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Unusual protest

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For those who have walked for a decade from Brixton Hill into Brixton Water Lane on their way to Hootananny or Brockwell park, the meaning of this graffiti is much deeper than just some vandalism… If you want to understand more about it, read my previous post about Reclaiming Brixton.

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Miracles happen (with a little help from yourself: to believe)

A year has passed since the amazing unplanned home delivery that gave life to my daughter and I struggle to believe that this fearless, brave, hard working woman that gave birth to her that way was actually me. I wish I would remember every day I am capable of showing such strength and determination. I usually feel insecure deep down and wonder if I am a good enough mother, a competent employee, a present wife, a loving friend… I always doubt about myself, I tend to self sabotage my actions. But if I look back at that night of labor completely relaxed on my own, I believe I probably managed for once in my life to finally tune into my body and listen to what was happening, not fighting the pain, not even letting the fear take me to the core, at the bottom of my stomach. That was probably the first time I learned to let go: I knew what was coming and accepted that contractions would get stronger and stronger and by doing so, funny enough, they felt less painful. I also know now that her safe arrival in such an empowering way was actually a miracle of the God of my understanding, one of the many he performs in my daily life, the one and only that looks after me so well. My higher power helped me by raising my determination to make things different in my life in general, and more specifically in my second delivery. In fact, after the birth of my son 3 years beforehand, I was extremely anxious at how things would go with the delivery of my second baby. I remember having panic attacks in the last few weeks that brought to her safe arrival, thinking of all the things that could have gone wrong, as first time around… A nightmare period of my life! Luckily I had booked myself in early April for a whole day workshop at Active Birth Centre with Alice Charlwood, which I strongly believe made the absolute difference, together with my determination not to repeat the past and my Higher power’s plans for me.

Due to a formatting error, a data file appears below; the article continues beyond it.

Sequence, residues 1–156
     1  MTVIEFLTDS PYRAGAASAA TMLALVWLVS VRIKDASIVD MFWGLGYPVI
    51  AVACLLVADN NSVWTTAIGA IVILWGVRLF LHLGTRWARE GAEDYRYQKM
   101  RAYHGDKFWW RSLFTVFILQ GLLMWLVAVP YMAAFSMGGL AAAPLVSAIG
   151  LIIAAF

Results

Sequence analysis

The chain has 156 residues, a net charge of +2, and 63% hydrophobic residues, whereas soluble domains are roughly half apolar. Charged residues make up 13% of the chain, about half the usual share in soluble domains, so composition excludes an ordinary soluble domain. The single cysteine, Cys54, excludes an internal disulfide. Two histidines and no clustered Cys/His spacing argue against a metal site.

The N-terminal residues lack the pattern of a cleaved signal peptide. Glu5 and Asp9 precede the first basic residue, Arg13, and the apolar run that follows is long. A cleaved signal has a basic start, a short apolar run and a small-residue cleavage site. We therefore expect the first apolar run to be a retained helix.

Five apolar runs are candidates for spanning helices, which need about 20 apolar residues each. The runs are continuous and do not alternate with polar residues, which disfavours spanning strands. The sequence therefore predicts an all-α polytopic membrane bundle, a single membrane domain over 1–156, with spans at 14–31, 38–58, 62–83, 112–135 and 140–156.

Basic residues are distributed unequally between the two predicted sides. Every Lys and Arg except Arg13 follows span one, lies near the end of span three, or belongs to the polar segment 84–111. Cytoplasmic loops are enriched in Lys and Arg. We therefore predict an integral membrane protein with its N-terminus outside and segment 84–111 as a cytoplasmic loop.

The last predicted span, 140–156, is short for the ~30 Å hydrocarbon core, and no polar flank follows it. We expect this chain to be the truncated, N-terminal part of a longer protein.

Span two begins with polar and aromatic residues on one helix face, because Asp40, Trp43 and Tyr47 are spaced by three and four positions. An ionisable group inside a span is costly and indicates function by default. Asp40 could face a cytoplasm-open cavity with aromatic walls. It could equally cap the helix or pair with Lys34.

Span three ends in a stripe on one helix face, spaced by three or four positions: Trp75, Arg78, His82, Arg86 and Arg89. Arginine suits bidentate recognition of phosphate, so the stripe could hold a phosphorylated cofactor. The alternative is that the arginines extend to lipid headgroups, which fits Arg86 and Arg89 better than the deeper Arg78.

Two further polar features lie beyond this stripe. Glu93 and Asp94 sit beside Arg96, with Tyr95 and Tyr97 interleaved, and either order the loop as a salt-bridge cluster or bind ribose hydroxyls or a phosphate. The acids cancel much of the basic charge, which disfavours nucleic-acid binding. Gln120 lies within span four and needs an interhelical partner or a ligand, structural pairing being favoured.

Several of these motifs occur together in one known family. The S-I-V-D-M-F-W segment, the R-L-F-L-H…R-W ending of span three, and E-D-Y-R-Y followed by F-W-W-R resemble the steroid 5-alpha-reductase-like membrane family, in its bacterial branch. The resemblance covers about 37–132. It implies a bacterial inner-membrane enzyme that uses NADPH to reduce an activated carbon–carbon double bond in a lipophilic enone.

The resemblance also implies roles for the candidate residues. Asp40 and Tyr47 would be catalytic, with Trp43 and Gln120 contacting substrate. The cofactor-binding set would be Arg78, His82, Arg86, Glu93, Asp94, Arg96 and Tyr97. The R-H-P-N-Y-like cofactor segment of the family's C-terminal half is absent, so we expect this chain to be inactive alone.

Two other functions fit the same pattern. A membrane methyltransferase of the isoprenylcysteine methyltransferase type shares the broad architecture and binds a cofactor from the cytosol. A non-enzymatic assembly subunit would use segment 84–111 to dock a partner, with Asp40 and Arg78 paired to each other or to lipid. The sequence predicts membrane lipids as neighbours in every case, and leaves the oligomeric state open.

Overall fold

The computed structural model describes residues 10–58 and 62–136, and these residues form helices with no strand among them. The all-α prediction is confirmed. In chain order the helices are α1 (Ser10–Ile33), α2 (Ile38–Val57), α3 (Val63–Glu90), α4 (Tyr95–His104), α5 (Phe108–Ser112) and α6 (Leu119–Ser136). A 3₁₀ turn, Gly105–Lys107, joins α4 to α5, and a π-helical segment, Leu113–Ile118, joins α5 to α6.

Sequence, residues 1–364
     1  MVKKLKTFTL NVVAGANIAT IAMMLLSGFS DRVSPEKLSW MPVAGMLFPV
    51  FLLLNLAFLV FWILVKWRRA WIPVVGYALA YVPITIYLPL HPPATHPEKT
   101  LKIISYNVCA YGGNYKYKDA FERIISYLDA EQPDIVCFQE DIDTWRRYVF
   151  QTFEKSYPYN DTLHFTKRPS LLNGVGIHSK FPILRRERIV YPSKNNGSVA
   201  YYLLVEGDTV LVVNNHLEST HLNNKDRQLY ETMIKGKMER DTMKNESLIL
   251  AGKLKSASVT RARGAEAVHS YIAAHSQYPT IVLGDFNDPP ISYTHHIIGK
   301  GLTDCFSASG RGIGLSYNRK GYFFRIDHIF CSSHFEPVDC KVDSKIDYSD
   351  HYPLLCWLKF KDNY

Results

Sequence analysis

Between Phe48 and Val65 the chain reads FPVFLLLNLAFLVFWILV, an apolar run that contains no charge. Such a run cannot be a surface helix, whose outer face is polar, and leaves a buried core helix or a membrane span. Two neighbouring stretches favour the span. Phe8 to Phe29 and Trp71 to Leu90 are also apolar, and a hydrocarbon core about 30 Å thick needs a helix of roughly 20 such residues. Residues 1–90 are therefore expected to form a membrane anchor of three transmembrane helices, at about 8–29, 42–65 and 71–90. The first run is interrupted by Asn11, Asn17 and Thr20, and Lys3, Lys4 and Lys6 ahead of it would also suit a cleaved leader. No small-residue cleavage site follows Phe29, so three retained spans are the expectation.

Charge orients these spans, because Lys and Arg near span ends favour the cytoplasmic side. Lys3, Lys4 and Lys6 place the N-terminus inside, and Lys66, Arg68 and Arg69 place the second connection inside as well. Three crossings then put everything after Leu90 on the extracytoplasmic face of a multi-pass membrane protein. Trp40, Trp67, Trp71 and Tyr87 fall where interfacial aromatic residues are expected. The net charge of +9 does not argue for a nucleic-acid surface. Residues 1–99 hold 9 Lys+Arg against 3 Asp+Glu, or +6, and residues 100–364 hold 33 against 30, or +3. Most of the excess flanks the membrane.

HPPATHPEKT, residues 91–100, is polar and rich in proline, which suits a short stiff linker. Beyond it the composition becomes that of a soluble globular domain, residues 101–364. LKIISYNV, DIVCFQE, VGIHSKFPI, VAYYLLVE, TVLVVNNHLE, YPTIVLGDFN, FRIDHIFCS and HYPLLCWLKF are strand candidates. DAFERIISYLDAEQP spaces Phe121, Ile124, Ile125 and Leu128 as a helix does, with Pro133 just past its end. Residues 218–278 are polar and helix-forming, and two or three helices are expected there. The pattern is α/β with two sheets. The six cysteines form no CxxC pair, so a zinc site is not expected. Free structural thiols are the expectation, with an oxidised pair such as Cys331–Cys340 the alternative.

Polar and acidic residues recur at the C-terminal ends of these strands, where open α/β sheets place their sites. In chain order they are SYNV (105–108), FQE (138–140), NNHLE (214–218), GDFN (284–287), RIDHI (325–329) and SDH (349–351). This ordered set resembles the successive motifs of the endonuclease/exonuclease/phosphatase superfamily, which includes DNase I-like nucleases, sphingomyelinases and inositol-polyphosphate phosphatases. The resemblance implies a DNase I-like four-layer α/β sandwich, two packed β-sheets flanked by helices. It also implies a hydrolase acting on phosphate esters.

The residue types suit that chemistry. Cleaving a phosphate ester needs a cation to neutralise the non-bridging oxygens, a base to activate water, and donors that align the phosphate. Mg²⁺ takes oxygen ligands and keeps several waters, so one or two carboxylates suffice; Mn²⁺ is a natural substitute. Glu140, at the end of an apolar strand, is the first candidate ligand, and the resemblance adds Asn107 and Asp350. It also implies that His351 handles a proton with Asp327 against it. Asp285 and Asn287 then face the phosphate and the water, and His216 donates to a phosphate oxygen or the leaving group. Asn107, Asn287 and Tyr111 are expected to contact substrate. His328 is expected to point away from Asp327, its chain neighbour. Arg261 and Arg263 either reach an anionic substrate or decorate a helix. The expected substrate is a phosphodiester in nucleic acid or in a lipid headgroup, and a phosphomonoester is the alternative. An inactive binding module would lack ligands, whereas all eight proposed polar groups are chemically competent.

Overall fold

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The political illiterate

The reason why I always find time to follow a bit of politics, even local movements and events, is contained in this smartly touching quote by Bertold Brech.

The worst illiterate is the political illiterate.
He doesn’t hear, doesn’t speak, nor participates in the political events.
He doesn’t know the cost of life, the price of the bean, of the fish, of the flour, of the rent, of the shoes and of the medicine, all depends on political decisions.
The political illiterate is so stupid that he is proud and swells his chest saying that he hates politics.
The imbecile doesn’t know that, from his political ignorance is born the prostitute, the abandoned child, and the worst thieves of all, the bad politician, corrupted and flunky of the national and multinational companies.

Good parenting: common opinion VS personal experience

What makes us good parents? Some people would easily fall into the cliché that the excellent parent is the one whose kids never have tantrums: they always do as they are told and are polite in public. This would apparently represents the proof that manners and hierarchy were well passed on to the new generation.

Actually, I would deeply suspect of those situations because if children are too compliant, it may not be a sign of good parenting: the risk is to simply erase their personality, asking them not to ever disagree or have uncomfortable feelings so that you as parents are always in a good place and don’t have to fight to get your mission accomplished (getting ready to go home, having a meal sitting down in a quiet restaurant and so on…).